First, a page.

Female leaders in the world of Wall Street and private investment firms have been few and far between for as long as stock tickers have been humming in lower Manhattan.
But female-led hedge fund launches and other prominent startup ventures during the past 18 months are making big waves across one of the oldest of old-boy networks. The rising stars of high finance are increasingly women who have paid their dues at established firms. Female-driven investment ventures are in high demand amid the national focus on gender equality issues and the ongoing parade of #MeToo revelations.
Prominent startups this year alone include activist investment vehicle Impactive Capital, headed by Lauren Taylor-Wolfe, an alum of the $3 billion Blue Harbour Group fund; Snowcat Capital, run by Rebecca Pacholder, late of Omega Advisors; and Martlet Asset Management, led by former Paamco Prisma co-CEO Jane Buchan.
Erin Bellissimo, a 30-year financial industry veteran who is managing director of the Institute for Global Investing at the University of Notre Dame, says the momentum for female-led investment vehicles is strong, but the real test will be whether they command long-term institutional support from pillars of the financial world.
“They’re only going to be as successful as people are willing to invest in them,” Bellissimo says. “The endowments, the foundations, the venture capitalists, private equity — all of them are going to have to take a chance and understand that in the same way they want diversity in their portfolio in terms of asset classes, they need diversity in the points of view about investing. And I think women bring that to the table.”
The spike in the number of women leading firms and rising to prominence at Wall Street giants is long overdue. In the U.S., women account for more than half, or 54.5%, of all those employed in the financial services and insurance sector, according to data for 2018 provided by Catalyst, a nonprofit research organization. But women account for only 18% of executive committee members at such firms and only 12.2% of chief financial officer roles at the largest global financial services firms.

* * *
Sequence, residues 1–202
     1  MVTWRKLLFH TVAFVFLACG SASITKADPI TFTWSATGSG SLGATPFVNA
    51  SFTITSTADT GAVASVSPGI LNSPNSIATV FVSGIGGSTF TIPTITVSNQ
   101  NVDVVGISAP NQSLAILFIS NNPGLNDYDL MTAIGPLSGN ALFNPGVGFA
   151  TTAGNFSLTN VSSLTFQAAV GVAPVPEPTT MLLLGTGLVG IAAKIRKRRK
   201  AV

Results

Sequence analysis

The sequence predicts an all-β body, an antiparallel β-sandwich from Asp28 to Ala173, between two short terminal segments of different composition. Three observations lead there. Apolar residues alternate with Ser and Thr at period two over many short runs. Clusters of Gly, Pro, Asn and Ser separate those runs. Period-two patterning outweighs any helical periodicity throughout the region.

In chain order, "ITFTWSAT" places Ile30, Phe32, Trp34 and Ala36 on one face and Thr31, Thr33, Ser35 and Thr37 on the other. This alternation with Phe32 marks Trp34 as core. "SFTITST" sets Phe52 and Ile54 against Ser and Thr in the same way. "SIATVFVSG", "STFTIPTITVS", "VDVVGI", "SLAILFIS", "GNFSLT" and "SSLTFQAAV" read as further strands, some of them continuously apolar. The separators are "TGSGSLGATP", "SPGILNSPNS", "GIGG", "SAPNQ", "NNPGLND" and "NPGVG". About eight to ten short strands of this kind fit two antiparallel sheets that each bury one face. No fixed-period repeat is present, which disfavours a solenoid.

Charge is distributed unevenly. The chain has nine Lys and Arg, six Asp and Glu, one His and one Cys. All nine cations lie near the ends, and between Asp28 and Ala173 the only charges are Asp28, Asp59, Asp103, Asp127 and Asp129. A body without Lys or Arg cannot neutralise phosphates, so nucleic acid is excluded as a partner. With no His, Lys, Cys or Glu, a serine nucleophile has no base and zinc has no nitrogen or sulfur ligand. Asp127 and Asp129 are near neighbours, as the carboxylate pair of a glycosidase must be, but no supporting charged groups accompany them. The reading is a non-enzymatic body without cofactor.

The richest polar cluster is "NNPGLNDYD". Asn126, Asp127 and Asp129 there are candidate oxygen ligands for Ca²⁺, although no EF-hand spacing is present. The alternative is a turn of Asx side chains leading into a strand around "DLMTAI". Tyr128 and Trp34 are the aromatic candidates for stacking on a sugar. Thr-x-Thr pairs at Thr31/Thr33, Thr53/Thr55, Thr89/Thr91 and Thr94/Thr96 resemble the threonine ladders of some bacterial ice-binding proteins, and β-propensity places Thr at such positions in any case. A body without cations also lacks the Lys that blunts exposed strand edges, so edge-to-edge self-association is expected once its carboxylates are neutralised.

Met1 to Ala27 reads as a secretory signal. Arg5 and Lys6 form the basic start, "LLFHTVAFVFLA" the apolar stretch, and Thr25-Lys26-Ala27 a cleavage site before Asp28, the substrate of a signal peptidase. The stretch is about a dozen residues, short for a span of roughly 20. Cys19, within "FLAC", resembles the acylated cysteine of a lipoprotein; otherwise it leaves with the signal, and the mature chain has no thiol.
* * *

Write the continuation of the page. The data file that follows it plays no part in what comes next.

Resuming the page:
Bellissimo notes that less than 10% of the world’s assets under private management are managed by women. Supporting female leadership in investing is not just the right thing to do from a social and cultural perspective; it’s also good business. Study after study has demonstrated that female-led funds tend to get higher and steadier returns because of a focus on long-term and value investing.
“To the extent that women who are running these funds can raise large sums of money, it’ll be great for those organizations and the people that work for them, and it’ll be great for the marketplace to have a different perspective that is more long term and more patient,” she says.
These days, the surest sign of a significant trend on Wall Street is when it shows up on “Billions.” Brian Koppelman and David Levien, the showrunners behind the Wall Street-set series, are known for keeping close tabs on the pulse of movers and shakers in the global investment community.
So it was fitting that the Showtime drama introduced a savvy female investor and entrepreneur character, Rebecca Cantu (played by Tony winner Nina Arianda), who was more than ready to hold her own against Damian Lewis’ hedge fund billionaire Bobby Axelrod in the hunt for deals. The two also had a romantic relationship, but the storyline made clear that Cantu was as tough and cunning as Axelrod when it came to business.
“We wanted someone who was verbally dexterous and powerful, with super energy and sparkling intelligence in the eyes,” Levien says of the character. “She is someone who is Axe’s equal in every way.”
Koppelman and Levien have made a point of meeting with powerful female investors to gain perspective on the world that their characters inhabit. Boldface personalities like Spanx investor Sara Blakely (who had a cameo on “Billions” last year) and serial entrepreneur Lori Greiner (now known as a judge for “Shark Tank”) have been of interest to the showrunners for some time.
Koppelman said women they’ve met with have not been shy about explaining why they often make better investment decisions than men.
“One woman told us that women are more intuitive than men because they’ve been forced to listen more when men are talking,” Koppelman says. “She told us flat-out that women are now using their natural abilities to usurp and arrive at positions of power.’”
(Pictured: The rising profile of women investors and entrepreneurs is reflected in TV shows like “Billions,” starring Nina Arianda.)